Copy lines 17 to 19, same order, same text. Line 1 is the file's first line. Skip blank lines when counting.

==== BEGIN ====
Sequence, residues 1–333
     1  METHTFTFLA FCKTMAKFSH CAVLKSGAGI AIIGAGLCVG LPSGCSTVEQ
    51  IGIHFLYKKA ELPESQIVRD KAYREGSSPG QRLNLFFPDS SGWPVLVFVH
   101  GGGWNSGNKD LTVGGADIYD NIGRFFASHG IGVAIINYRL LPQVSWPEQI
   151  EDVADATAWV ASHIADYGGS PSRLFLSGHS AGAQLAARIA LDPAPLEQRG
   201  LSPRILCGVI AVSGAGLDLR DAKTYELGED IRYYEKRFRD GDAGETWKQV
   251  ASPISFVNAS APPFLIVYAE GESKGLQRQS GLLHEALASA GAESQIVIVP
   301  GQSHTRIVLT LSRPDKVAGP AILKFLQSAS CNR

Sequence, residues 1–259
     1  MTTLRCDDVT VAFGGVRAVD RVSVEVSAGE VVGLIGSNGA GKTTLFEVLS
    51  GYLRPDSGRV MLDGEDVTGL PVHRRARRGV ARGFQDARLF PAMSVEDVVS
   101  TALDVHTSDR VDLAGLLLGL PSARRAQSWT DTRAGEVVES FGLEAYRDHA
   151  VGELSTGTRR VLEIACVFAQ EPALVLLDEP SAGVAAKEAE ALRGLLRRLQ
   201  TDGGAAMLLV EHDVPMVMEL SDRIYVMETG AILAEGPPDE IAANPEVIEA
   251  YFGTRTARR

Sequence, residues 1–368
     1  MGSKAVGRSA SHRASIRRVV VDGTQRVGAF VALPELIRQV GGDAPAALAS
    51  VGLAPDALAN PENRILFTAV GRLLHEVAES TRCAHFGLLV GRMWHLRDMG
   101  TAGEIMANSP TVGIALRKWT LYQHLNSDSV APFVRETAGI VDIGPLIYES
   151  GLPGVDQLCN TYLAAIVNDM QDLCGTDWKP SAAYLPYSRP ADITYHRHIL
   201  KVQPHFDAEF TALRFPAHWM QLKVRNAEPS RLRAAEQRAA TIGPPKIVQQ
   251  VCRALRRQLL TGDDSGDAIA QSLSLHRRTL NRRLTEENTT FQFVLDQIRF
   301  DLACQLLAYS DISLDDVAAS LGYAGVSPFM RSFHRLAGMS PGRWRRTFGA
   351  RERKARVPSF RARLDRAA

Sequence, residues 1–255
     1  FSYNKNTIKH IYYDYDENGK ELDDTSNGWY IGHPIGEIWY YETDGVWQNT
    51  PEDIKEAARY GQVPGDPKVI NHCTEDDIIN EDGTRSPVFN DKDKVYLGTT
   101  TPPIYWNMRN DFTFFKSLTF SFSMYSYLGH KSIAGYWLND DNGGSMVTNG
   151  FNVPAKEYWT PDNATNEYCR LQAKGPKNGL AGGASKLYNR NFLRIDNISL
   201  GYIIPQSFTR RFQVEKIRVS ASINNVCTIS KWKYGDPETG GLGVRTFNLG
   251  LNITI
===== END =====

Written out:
     1  MGSKAVGRSA SHRASIRRVV VDGTQRVGAF VALPELIRQV GGDAPAALAS
    51  VGLAPDALAN PENRILFTAV GRLLHEVAES TRCAHFGLLV GRMWHLRDMG
   101  TAGEIMANSP TVGIALRKWT LYQHLNSDSV APFVRETAGI VDIGPLIYES